If ever there’s ever a s’mores dessert on a menu, I’m quick to order it. We’ve ordered a slice of s’mores tart on two separate occasions recently. And on both occasions, I bookmarked the idea for later. But it was the time it took to make marshmallows that put a halt in my home-made idea. And then I found myself with a surplus of egg whites in the fridge, an unopened box of graham crackers, a brick of chocolate, an extra 20 minutes, and a better idea. Read more
When life gives you leftover ganache, you make truffles. Duh!
Earlier this week, I posted on chocolate ganache cupcakes. The original recipe was intended for a cake. But, last minute I decided to convert them into cupcakes. I’m really good at throwing myself for a loop. So I used a lifeline and phoned a friend, aka my sister. (We’re gonna own a bakery together one day; she just doesn’t know it yet.) After consulting with her, we decided it would be best to fill these suckers. Next thing you know, the cupcakes are filled, and I have a ton of ganache leftover. (In case you were worried, I tweaked the recipe for the cupcakes so that you wouldn’t have this same unfortunate problem.) Read more
This cake was supposed to be easy. I was going to brag about how fast I whipped it out. Ha Ha Ha. Oh the irony. One thing got in the way. That stupid virtue. You know the one. Patience. I’m scowling at the word as I type.
This recipe is easy. You just have to be patient. Don’t worry—I was impatient for you. I’ll let you know when you’re about to derail this simple recipe, making it complicated.
I really needed this cake to be simple. I got home from work at 5:30 pm, and had to be somewhere by 7:43 pm—leaving me a little over 2 hours to make a cake. Not bad. So while I made the cake, graduate school husband went to the grocery store to pick up the goods for the icing. Made the cake, no problem. I was home by 11 and ready to whip up a quick icing. In my defense, the word ‘icing’ was deceiving. Ganache would have been a better word choice. Needless to say, I exercised impatience. The icing wasn’t thickening as fast as I wanted to go to bed. So, I whipped up a meringue and added it to the icing thinking it would help it to stabilize. It was a runny mess. However, I proceeded to pour it all over the cake. What was I thinking? Meanwhile I looked at the remnants of the bowl with the orignal chocolate icing. Guess what. It had thickened up. In an abnormally calm manner, I directed graduate school husband to make another batch of ganache. He normally doesn’t involve himself in my baking adventures, but he was so helpful. I proceeded to scrape the cake of the runny chocolate mess. No lie, I wiped it down with a wet paper towel. We let the ganache set overnight and went to bed. 12:30pm. By morning, the ganache was perfect, so I re-iced the cake. Sprinkled with powdered sugar and shaved dark chocolate.
I was so thankful the cake was still salvageable. I’m not sure if this congrats sign ended up being for me or for my graduate school husband, although it was intended for him. He and his coworkers just finished up their practicum for the year and had a BBQ to celebrate/say goodbye. I’m going to miss those guys. They welcomed me into the group as if I were one of them. They gave me a nickname. They ate my food.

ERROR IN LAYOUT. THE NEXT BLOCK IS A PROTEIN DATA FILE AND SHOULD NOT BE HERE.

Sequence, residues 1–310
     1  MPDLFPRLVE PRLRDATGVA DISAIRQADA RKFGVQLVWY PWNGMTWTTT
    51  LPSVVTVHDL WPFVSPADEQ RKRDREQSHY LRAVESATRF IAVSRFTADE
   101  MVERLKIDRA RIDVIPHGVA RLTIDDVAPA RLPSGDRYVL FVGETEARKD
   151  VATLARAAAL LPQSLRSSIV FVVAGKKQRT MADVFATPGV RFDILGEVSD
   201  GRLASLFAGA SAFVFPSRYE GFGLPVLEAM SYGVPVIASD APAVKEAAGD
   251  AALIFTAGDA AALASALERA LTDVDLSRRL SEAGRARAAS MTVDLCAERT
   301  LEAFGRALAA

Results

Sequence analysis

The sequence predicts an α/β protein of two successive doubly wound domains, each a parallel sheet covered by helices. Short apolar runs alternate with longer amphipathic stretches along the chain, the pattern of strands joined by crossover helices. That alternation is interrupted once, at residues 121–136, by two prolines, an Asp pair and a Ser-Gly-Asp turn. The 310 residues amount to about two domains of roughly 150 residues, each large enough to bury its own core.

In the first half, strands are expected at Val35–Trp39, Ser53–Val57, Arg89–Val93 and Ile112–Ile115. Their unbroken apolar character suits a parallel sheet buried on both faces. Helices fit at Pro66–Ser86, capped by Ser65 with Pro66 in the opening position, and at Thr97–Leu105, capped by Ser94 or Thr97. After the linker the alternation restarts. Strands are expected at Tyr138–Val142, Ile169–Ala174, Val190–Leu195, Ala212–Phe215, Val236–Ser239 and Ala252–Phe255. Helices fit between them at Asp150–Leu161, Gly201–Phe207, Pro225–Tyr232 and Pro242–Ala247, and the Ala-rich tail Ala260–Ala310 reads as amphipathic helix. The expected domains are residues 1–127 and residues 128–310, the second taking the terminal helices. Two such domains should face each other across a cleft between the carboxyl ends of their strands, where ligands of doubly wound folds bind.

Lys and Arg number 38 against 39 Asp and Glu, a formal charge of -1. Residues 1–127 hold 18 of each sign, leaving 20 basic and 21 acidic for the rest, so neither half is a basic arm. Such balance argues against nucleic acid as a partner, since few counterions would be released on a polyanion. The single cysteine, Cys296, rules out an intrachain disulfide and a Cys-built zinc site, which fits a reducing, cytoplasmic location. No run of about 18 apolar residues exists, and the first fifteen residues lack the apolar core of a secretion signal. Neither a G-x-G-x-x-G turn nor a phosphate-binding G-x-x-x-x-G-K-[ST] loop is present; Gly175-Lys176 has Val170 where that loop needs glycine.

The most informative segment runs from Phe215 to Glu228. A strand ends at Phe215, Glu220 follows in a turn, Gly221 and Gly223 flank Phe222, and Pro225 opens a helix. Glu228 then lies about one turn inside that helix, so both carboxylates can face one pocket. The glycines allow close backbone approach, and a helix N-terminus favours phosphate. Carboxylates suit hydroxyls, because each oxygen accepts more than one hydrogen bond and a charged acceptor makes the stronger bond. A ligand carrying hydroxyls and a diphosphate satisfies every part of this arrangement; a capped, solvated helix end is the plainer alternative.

And they devoured this cake. Thank the Lord it turned out. I promise to be more virtuous.
1/4 c. milk
2 tsp. vanilla extract
2 c. AP unbleached flour
1 tsp. baking powder
1/2 tsp. sea salt
1/2 c. semi-sweet chocolate chips
10 tbsp. unsalted butter, room temp
1 1/4 c. sugar
3/4 c. lightly packed brown sugar
1 large egg
1 egg yolk
1. Preheat oven to 335° and place rack in middle position. Line the bottom of two 9-inch round pans with parchment paper.
2. Combine wet ingredients in a bowl. Combine dry ingredients, except the chocolate chips, in separate bowl. Set aside.
3. Using a spatula, toss 2 tablespoons of the wet ingredients with the chocolate chips in a small bowl. Add 1/4 cup of the dry ingredients. Toss again to coat evenly. This will keep the chocolate chips from sinking to the bottom of the cake.
4. Mix butter and sugars in the bowl of a standing mixer fitted with paddle attachment until well creamed, about 3 minutes.
5. Add egg and egg yolk one at a time.
6. Alternately add dry and wet mixtures about a quarter at a time without pausing between additions.
7. Removed the bowl and fold in the chocolate chips with a spatula. The dough will be thick—more like cookie dough than cake batter.
8. Divide dough into prepared pans. It will be too thick to fill the pan to the edges, but will spread under the heat of the oven. Bake for 30-35 minutes or until edges crown and surface is browned.
9. Cool the cakes in pans to room temperature, then invert them using a small offset spatula to release edges.
10. Make ganache. Spread thick layer between the two cakes. Dust the top with confectioners sugar. Shave dark chocolate and sprinkle on top.
1 c. heavy cream
1/4 c. sugar
1 stick unsalted butter, softened
10 oz. bittersweet chocolate
2 tsp. vanilla extract
dash of sea salt
1. In a saucepan over medium heat, bring cream and sugar to a light simmer, stirring occasionally. Place the butter, chocolate, vanilla, and sea salt in a large bowl.
2. Pour hot cream over ingredients in the bowl and let stand for a few minutes to melt the chocolate. Whisk until smooth and set aside to cool, but do not refrigerate. Here’s the part where you may derail if you neglect that virtue. Be patient. It will set up.
3. Once the icing has thickened, stir it with a flexible spatula to a spreadable consistency.
For a downloadable PDF of the cake banner and instructions, click here.